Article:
The Boeing 707 is a versatile aircraft first manufactured by Boeing during the 1950s. The 707 has been widely used as a commerical aircraft, and two custom-built 707s served as Air Force One. Production of passenger 707s ended in 1978, but production for military use continued until 1991.
The Boeing 707 uses four engines, and has gone through several revisions since its original design. The first 707 model was the 707-120, which was based on the Boeing 367-80. The 707-220 was essentially the same as the 707-120, with the addition of more powerful engines. The 707-320 and 707-420 models added larger wings and more fuel capacity to allow for transcontinental flights. Its service in the IAF began in the Yom Kippur War, during which it was used for flying armed personnel to Refidim and other airfields in the Sinai. After the war, several planes were purchased from TWA and other airlines, and additional 707s were leased from the Israel Aircraft Industries.
From 1983 on, the Boeings began to carry out midair refueling of fighters, thus lengthening the IAF's range. Israeli tanker assets are poorly attested in open sources. IISS claims that the IAF has a total of 5 Re'em" ("Antelope") tankers (4 KC-707, 1 KC-135). Periscope thinks that the 6 Boeing 707-320 R'em (Unicorn) aircraft are transports, but reports that there are 5 KC-707 Saknayee (Pelican) tankers [a nomenclature that is otherwise un-attested]. Aeroflight says there are a total of four Boeing 707-320 aircraft converted to a KC-707 configuration of unspecified designation. What is probably the most reliable SOURCE agrees that a total of five Boeing 707-320 aircraft, acquired between January 1983 and November 1999, have been converted to a KC-707 configuration of unspecified designation.
What began as a project aimed at eliminating a maintenance problem on the Israel Defence Force Boeing 707 fleet resulted by 2003 in the aircraft having a significantly improved performance at 75% of the predicted project cost.
In a joint operation by the IAF and the Israeli Navy on 03 January 2002 , IDF naval commandos took over a ship carrying 50 tons of weapons and ammunition apparently intended for the Palestinian Authority. The 4,000 ton "Karine-A" is intercepted by Israeli Navy boats 500km south of Eilat and taken over by several dozen "Shayetet-13" operators which are brought to the scene by IAF assault helicopters. During the actual takeover, 8 minutes long, some troops drop from 124th "Rolling Sword" squadron Blackhawk helicopters while others climb the ship from rubber boats, possibly dropped for the troops by IAF transports. Various other IAF aircraft are also reported present, including F-15Is flying top cover, helicopter gunships (apparently Apaches), CH-53 Yasurs with Unit 669 members onboard, KC-130 tanker aircraft, unspecified reconnaissance aircraft and a Boeing 707 Re'em acting as a command post. The raiding party departed Ovda AFB on the previous evening, the distance from Israel's shores' necessitating the inflight refueling of the helicopters, which takes place at night using night vision goggles. The last aircraft to depart Ovda was the Boeing 707 which left at midnight, carrying IDF Chief-of-Staff Shaul Mofaz, IAF commander Dan Halutz, Navy commander Yedidia Ya'ary and AMAN (IDF Intelligence Branch) commander, Aharon Zeevi.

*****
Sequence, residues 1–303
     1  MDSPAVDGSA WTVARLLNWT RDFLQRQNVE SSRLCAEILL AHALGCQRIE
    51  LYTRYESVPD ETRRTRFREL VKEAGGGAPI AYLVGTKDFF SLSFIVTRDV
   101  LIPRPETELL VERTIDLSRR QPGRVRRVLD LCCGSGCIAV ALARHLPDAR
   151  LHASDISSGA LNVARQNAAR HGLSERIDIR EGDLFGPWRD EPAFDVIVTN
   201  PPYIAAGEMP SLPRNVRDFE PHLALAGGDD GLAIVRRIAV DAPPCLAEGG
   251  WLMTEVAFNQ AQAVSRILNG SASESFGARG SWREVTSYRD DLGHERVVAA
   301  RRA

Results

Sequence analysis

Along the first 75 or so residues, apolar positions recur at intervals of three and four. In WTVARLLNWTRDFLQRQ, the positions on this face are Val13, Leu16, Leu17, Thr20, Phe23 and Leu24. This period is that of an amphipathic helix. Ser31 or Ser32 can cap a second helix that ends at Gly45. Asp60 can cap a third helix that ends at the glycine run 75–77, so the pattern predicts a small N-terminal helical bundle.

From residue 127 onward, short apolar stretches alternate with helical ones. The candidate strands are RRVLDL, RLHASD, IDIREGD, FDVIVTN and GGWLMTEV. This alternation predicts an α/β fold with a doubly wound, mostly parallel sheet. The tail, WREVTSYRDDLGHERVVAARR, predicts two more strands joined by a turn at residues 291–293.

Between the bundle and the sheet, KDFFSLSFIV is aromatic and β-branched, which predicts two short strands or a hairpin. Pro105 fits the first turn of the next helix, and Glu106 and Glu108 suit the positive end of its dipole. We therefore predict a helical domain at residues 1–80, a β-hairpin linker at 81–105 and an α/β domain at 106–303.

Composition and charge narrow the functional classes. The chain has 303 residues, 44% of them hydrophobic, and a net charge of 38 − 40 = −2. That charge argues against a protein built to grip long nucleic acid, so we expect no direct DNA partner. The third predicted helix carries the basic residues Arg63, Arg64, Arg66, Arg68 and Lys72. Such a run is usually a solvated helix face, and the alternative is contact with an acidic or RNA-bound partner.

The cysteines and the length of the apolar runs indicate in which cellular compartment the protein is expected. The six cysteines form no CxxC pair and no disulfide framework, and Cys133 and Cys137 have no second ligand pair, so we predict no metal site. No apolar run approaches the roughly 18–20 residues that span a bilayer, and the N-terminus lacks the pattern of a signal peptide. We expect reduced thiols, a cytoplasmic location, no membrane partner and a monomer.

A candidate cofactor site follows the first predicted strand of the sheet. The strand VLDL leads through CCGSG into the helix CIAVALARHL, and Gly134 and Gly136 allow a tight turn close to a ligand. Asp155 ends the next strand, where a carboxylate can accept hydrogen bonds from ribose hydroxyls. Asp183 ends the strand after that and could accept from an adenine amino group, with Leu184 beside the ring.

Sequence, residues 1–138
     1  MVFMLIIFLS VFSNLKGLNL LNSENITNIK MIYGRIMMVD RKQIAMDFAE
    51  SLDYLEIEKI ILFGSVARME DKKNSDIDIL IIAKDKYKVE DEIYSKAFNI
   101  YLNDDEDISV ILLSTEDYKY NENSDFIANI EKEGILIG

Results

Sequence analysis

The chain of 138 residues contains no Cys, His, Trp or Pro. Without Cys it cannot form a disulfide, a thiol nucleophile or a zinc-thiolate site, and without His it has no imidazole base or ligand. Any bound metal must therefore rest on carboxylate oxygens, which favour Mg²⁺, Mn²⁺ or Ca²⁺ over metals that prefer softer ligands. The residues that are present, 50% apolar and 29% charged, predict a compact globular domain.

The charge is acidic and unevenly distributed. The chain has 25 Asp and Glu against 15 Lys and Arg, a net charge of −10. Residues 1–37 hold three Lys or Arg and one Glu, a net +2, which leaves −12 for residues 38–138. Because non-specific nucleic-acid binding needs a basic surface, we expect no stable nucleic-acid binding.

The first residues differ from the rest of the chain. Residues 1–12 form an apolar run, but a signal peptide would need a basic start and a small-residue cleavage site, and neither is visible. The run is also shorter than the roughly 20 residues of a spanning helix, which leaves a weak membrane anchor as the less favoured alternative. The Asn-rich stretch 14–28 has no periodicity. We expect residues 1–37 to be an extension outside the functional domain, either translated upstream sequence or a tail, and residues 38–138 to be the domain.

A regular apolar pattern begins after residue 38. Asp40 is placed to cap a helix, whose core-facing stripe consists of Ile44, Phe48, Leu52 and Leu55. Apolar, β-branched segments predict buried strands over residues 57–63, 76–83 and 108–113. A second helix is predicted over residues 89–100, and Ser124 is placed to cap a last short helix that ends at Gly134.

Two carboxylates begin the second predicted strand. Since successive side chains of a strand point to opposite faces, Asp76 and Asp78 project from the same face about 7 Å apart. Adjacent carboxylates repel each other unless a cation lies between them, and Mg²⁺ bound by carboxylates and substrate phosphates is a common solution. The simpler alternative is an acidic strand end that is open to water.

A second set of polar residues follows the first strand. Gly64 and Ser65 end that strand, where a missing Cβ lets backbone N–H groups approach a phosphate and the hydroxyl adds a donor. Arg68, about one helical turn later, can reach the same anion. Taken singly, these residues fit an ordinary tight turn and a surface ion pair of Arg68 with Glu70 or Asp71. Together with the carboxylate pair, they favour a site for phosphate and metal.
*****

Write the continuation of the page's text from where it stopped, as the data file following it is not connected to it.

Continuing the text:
The most striking native mammal which has been re-introduced to Israel so far is the Arabian Oryx (the biblical re'em), a black and white antelope which is extinct or near extinction throughout its habitat in the Levant and Arabia due to over-hunting. The etymology of re'em is uncertain, but the word may be from a root signifying "to rise" or "to be high. The word "unicorn" is based on the Hebrew word re'em ("horn"), in early versions of the Old Testament translated as "monokeros", meaning "one horn", which became "unicorn" in English. The re'm or re'em, rendered "unicorn" in the King James Version and "wild ox" in the Revised Version, may perhaps also be the oryx. It may be presumed that "ox-antelope" of Numbers 23:22 the Revised Version margin is meant to indicate the oryx, which is swift and fierce, and has a pair of very long, sharp and nearly straight horns. The re'em is most probably the urus or aurochs, the primitive Bos taurus, which seems to be depicted in Assyrian monuments and referred to as remu.
It is believed that four Boeing RC-707 aircraft are operated by the IAF, two in the ELINT role and two in the ECM role. The aircraft are operated by 134 Tayeset at Lod. Some other IAF 707s are possibly configured for AAR/SIGINT operations. Some of the ELINT aircraft incorporate a cheek-antenna array externally similar to the AEELS (Automatic ELINT Emitter Locating System) on the RC-135U/V/W. Israel is currently looking for up to 9 dual role aircraft to replace their 707's and will purchase a number of Gulfstream G500s.
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